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7,010 out of 10,000:
Chamber Strings sound a lot like later Crowded House. I recently read a review of Neil Finn's latest album on NME's website. It described this former Crowded House leader's work as "shite" or some other of those British terms that makes those toothy freaks of the United Kingdom so indecipherable. I'm pretty sure from the context that the reviewer hates Neil Finn, and always has. Perhaps they had really good music in England in the mid eighties, because I thought Crowded House was a breath of fresh air. Whenever I was trapped listenning to someone's top forty station, there were few such happy oasi as "Don't Dream It's Over". So maybe the new Neil Finn record is "shite", maybe it's not, but don't write off the guy's whole career. Crowded House's biggest sin was their continuous drift further into the mellow, leaving some of the snap of their Beatlesque melodies --back then, every other guitar band wasn't doing it-- and smart harmonies behind. Which is where we find the Chamber strings.

Don't know Crowded House from Bananarama? Well, then, sorry about that first paragraph. How about John Lennon? This has the feel of some of his spacier ballads. Only Chamber strings isn't as good as Crowded House was, and of course doesn't get to be in another sentence with a Beatle. Lead man Kevin Junior, whom some may remember from the Rosehips or Mystery Girls, has a nice, likeable face, dresses sharply, and can write competently good if not compellingly great songs. There are a lot of strings (presumably played in some sort of chamber) that have the effect of a hackneyed production device joining a band. Sort of an Acoustic Light Orchestra.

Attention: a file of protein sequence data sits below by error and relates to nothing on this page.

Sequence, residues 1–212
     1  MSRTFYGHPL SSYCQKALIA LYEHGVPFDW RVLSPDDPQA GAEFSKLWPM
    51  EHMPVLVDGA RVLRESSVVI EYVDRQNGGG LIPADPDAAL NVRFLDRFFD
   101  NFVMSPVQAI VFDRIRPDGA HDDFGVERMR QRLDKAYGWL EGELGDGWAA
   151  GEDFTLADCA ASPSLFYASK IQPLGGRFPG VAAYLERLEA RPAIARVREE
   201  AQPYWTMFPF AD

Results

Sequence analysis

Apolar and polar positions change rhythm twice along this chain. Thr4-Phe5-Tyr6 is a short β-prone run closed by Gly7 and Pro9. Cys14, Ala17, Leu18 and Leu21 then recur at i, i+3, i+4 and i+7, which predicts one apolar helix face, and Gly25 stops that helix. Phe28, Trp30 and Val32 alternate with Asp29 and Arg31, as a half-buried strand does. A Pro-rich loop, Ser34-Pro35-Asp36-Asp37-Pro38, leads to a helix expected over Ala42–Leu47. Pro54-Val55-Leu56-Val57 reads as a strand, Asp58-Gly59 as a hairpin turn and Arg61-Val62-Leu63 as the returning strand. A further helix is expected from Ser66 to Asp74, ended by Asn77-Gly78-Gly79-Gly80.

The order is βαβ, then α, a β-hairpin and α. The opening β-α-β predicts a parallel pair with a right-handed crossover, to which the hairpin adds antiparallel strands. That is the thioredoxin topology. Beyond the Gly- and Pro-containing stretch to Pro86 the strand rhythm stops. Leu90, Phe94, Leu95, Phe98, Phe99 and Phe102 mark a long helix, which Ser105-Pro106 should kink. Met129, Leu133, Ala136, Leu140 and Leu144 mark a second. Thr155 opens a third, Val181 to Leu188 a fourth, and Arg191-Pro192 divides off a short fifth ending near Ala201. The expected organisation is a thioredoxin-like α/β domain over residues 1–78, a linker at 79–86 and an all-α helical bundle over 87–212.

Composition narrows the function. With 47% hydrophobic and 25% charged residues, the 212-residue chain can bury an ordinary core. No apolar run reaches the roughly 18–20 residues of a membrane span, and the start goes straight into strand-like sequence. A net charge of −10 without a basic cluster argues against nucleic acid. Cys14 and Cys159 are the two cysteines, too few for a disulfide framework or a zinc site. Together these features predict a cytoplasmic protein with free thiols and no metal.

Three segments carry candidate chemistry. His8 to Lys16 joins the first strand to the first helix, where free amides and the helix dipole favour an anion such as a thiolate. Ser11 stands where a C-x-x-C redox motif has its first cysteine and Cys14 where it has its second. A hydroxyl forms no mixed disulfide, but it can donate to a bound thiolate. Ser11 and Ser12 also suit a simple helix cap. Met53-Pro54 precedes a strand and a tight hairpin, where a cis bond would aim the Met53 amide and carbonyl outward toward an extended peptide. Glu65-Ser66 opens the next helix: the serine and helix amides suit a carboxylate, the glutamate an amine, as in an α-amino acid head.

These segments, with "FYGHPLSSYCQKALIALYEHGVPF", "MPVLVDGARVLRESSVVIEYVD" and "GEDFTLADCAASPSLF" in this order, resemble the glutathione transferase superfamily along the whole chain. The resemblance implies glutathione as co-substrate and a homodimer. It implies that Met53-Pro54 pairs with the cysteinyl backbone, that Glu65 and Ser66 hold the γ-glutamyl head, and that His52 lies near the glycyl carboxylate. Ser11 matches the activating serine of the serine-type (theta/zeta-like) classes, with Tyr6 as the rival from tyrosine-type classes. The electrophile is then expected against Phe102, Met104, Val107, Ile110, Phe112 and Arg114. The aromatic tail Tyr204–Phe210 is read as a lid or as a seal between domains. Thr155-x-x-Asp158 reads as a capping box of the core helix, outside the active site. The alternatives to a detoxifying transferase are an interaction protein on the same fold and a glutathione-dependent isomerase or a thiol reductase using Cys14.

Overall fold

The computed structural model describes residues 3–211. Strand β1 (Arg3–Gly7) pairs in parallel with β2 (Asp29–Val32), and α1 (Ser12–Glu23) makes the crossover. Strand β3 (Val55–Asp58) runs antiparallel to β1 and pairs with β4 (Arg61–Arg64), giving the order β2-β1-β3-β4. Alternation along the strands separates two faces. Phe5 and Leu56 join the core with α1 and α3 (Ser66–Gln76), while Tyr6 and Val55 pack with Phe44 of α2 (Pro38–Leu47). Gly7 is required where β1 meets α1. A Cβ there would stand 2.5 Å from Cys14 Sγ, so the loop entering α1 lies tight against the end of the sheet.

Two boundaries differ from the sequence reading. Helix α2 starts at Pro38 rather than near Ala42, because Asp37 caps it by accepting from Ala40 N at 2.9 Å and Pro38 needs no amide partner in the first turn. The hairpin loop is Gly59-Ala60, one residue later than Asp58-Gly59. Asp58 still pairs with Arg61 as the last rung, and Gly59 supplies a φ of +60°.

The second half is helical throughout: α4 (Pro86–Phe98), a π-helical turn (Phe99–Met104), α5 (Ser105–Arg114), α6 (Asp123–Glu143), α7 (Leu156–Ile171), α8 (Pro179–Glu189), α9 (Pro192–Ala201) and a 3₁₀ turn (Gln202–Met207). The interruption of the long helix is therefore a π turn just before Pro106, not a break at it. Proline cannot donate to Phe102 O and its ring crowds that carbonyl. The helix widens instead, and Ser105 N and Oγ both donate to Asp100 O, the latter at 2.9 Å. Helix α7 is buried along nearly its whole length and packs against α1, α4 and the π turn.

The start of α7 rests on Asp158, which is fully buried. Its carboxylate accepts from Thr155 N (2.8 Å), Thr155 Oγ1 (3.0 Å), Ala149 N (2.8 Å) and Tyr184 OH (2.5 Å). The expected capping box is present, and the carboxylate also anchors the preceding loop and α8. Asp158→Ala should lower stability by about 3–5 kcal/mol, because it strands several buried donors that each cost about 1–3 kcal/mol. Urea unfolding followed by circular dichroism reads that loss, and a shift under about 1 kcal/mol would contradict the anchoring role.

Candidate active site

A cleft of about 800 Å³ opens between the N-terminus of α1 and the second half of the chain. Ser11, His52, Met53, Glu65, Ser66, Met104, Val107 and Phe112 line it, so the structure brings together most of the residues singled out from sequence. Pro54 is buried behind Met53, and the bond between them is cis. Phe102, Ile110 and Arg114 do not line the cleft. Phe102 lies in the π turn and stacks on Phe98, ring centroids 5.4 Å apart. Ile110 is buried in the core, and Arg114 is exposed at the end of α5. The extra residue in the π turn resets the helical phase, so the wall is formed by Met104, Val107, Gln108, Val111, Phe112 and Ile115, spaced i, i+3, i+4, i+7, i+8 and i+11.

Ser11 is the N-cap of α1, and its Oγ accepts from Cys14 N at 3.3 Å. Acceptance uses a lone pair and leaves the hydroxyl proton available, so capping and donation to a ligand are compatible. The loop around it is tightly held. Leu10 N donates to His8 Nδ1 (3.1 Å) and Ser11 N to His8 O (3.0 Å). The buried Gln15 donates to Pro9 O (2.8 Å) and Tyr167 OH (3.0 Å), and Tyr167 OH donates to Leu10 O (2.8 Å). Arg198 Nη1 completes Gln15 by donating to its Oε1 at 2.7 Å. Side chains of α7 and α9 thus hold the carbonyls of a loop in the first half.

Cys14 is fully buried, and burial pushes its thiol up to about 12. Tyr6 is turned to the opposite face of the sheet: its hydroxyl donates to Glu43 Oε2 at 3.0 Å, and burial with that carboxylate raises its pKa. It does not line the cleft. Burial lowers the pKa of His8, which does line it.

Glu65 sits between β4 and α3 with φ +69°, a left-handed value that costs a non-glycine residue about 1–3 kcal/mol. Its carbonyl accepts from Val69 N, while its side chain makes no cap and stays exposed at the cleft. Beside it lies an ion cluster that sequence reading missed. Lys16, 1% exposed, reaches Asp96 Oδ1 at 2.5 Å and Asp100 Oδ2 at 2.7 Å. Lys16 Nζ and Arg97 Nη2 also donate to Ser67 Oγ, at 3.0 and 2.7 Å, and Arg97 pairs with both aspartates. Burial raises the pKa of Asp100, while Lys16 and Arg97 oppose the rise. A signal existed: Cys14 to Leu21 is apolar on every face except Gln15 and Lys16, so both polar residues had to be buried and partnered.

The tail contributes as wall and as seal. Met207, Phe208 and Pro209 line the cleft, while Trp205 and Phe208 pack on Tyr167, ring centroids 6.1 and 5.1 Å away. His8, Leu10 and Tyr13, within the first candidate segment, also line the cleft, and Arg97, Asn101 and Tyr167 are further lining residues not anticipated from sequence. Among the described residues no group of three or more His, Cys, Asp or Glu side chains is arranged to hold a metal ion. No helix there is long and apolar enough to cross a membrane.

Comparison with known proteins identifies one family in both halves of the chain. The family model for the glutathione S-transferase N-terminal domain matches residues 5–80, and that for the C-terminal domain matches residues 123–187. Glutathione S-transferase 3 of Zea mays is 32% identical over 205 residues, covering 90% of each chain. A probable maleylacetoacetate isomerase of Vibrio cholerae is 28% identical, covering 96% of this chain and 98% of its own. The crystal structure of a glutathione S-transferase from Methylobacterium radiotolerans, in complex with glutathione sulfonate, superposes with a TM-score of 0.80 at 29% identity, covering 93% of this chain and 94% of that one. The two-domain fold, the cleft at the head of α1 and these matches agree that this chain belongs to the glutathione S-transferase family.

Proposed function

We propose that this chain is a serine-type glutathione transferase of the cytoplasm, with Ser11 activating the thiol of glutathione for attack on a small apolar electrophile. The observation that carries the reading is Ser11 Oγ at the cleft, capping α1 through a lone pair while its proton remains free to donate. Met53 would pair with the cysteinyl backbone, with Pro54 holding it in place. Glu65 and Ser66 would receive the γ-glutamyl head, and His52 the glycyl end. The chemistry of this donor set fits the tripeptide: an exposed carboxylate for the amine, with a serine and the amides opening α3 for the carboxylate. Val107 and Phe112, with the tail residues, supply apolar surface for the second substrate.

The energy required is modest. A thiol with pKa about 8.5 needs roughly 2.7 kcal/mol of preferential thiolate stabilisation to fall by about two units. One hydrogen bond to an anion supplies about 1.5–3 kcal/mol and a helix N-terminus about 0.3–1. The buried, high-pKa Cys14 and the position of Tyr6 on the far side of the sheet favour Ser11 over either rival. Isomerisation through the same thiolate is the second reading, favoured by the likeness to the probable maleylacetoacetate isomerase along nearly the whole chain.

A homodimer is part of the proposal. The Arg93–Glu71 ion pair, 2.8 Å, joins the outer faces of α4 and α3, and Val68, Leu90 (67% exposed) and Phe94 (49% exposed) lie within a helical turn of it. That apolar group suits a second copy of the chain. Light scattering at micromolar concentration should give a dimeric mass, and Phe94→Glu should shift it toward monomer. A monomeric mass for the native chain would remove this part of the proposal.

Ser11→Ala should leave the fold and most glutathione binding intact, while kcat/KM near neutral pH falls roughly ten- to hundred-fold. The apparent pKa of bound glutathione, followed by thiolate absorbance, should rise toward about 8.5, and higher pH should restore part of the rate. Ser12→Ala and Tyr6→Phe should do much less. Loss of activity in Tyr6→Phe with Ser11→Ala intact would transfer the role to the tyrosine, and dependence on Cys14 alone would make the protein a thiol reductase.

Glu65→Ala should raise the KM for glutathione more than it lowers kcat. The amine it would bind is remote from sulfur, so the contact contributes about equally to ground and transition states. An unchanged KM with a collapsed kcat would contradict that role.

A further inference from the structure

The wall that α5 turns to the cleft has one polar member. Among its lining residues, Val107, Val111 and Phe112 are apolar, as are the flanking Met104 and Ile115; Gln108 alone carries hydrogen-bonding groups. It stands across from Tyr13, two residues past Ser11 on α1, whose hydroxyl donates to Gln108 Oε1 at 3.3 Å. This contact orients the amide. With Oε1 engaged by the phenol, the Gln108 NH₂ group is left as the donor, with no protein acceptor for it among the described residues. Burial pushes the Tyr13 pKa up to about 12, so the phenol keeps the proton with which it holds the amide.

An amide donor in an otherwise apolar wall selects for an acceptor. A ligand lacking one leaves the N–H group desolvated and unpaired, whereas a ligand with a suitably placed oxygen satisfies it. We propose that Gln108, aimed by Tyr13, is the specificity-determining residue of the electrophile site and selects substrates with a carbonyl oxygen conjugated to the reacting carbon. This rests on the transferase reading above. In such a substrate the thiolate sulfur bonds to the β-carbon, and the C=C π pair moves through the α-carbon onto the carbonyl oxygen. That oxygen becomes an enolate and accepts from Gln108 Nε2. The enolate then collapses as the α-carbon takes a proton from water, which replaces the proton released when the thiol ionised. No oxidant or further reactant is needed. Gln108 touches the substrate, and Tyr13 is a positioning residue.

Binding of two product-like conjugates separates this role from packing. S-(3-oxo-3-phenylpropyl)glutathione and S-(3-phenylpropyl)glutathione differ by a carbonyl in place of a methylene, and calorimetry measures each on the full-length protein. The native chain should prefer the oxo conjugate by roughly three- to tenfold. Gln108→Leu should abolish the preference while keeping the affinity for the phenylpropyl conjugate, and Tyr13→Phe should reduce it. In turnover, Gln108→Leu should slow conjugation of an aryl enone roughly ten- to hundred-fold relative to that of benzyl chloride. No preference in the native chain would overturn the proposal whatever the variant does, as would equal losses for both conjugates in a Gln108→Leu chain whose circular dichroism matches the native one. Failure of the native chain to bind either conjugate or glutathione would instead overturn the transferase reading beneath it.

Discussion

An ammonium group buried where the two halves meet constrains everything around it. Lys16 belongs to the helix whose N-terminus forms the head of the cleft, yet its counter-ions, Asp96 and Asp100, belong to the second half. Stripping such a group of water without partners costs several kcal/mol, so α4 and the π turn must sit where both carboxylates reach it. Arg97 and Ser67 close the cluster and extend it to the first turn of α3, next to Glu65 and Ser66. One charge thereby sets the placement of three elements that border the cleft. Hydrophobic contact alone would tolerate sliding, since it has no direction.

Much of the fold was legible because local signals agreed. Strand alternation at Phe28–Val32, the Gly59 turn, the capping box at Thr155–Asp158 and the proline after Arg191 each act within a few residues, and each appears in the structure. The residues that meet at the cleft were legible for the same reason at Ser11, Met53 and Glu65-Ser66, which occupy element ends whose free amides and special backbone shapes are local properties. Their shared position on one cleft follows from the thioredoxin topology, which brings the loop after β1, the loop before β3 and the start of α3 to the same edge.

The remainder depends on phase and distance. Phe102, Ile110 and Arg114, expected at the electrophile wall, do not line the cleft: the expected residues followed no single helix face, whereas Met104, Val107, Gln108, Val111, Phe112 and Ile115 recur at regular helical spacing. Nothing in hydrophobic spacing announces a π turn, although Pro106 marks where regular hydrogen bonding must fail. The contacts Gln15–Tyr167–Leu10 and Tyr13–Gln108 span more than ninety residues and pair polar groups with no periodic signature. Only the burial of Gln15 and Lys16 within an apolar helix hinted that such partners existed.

The most hummable tune on Month of Sundays is "Make It Through September" with a bouncy piano, a good tune and some chronologically and thematically scattered lyrics about summer and love. I'm pretty sure in one verse Junior describes December as "The end of summer/Autumntime". Maybe he's saying September; I'll give him the benefit of the doubt until they put lyrics on their website. Maybe, like a good rock star, he's just confused. It's a fine song anyway.

Unfortunately, too many ballads just drift in the slick mellow production, and sometimes the songwiting seems lazy. Too often Junior falls back on languid "doot de doots" on a song that hasn't fully explained itself. An irritating deviceused a FEW times is the Beatle trademarked fadeback, always some dreamy continuation of the song just played, and allways unnecesary.

This isn't a bad record, and I could see how some could like the Chamber Strings. Perhaps diehard Crowded House fans or Sarah McLachlanians wanting to trade up. I can't however, see anyone saying "This is the greatest album in the world!" You've got to shoot for the best album ever. This is just soft and nice.

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